Moody’s upcoming performances include debuts with Opera Lafayette (Venus and Adonis) and Minnesota Orchestra (Messiah), a tour of St. Matthew Passion with Apollo’s Fire, Handel’s Orlando at Staunton Festival and the premiere of Elena Ruehr’s Cosmic Cowboy, to be performed in the fall of 2020 with White Snake Projects.
 
“Moody delivered a combination of tenderness and theatrical verve” (San Francisco Chronicle) in his recent duet concert with mezzo-soprano Anne Sofie von Otter and the Philharmonia Baroque Orchestra (Nicholas McGegan), and his performance of the title role in Handel’s Rinaldo led the San Diego Story to declare, “Moody’s voice grows stronger and brighter as it ascends. He may help create a new operatic vocal category: Helden Countertenor.” Daniel has also performed roles in Mark Morris’ productions of Britten’s Curlew River and Purcell’s Dido and Aeneas at BAM (Howard Gilman Opera House) and at the Tanglewood Music Festival where the Financial Times noted his “inspired and absorbing performances.”
 
Moody recently made his Carnegie Hall Stern Auditorium debut with Oratorio Society of New York and also with Musica Sacra (Kent Tritle), and has performed as soloist with the Atlanta Symphony (Thomas Søndergård conducting), Les Violons du Roy in Québec City, (Bernard Labadie), Apollo’s Fire, The Cleveland Baroque Orchestra (Jeannette Sorrell), the Portland Baroque Orchestra (David Hill), and symphonies of Illinois, Charleston (Ken Lam), and Winston-Salem (Robert Moody). He gave the American premiere of George Benjamin’s intricate Dream of the Song (Stefan Asbury) at the Festival of Contemporary Music at Tanglewood Festival. He has also appeared with numerous early music groups including Boston, Indianapolis and Washington Early Music Festivals, renowned group Acronym at the Isabella Stewart Gardner Museum in Boston, Baroque Chamber Orchestra of Colorado, Mountainside Baroque (Maryland) and La Fiocco (Pennsylvania).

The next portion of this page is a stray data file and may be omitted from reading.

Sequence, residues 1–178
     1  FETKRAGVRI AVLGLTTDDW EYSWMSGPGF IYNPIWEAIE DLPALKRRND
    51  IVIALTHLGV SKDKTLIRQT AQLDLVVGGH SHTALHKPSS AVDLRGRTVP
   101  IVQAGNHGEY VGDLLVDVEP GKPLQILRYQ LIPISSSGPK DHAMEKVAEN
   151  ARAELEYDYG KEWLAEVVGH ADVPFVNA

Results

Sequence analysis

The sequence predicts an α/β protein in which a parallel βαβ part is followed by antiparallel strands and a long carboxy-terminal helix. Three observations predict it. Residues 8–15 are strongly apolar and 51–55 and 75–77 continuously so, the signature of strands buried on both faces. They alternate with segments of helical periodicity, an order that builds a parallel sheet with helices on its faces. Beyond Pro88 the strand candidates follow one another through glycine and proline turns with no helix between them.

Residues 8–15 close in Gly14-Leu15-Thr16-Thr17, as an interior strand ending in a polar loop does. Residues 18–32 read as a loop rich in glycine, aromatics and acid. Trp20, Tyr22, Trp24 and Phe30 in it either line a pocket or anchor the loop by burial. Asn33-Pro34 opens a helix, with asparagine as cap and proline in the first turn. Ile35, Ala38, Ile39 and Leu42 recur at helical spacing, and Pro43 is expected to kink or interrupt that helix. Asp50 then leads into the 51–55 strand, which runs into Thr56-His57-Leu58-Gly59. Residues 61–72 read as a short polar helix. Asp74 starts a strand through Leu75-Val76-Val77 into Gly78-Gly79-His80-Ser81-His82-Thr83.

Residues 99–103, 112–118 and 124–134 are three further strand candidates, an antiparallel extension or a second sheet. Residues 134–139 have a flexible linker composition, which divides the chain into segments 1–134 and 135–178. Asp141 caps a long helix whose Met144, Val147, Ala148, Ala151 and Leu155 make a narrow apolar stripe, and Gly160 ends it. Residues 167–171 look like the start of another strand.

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REBECCA MYERS

Soprano Rebecca Myers is a celebrated performing and recording artist who specializes in a comprehensive variety of repertoire including early, contemporary, and chamber music.

Recent seasons have seen solo engagements with Seraphic Fire, Tempesta di Mare, Lyric Fest, Opera Philadelphia, Apollo’s Fire, the CalPoly Bach Festival, and Philadelphia’s Bach @ 7 series. Also a highly sought after recital artist, Rebecca has been featured in art song recitals with pianists Laura Ward and Benjamin C.S. Boyle presented by the European American Musical Alliance (EAMA), The Woodmere Art Museum, and Opus Opera.

Acclaimed for her work in the field of new music, Rebecca is a core member of The Crossing, the two time GRAMMY winning ensemble dedicated entirely to new music. She has premiered works by the top living composers around the world and she was a soloist on the 2016 GRAMMY nominated Bonhoeffer, released by The Crossing. She is also a founding member of the cutting edge vocal sextet Variant 6.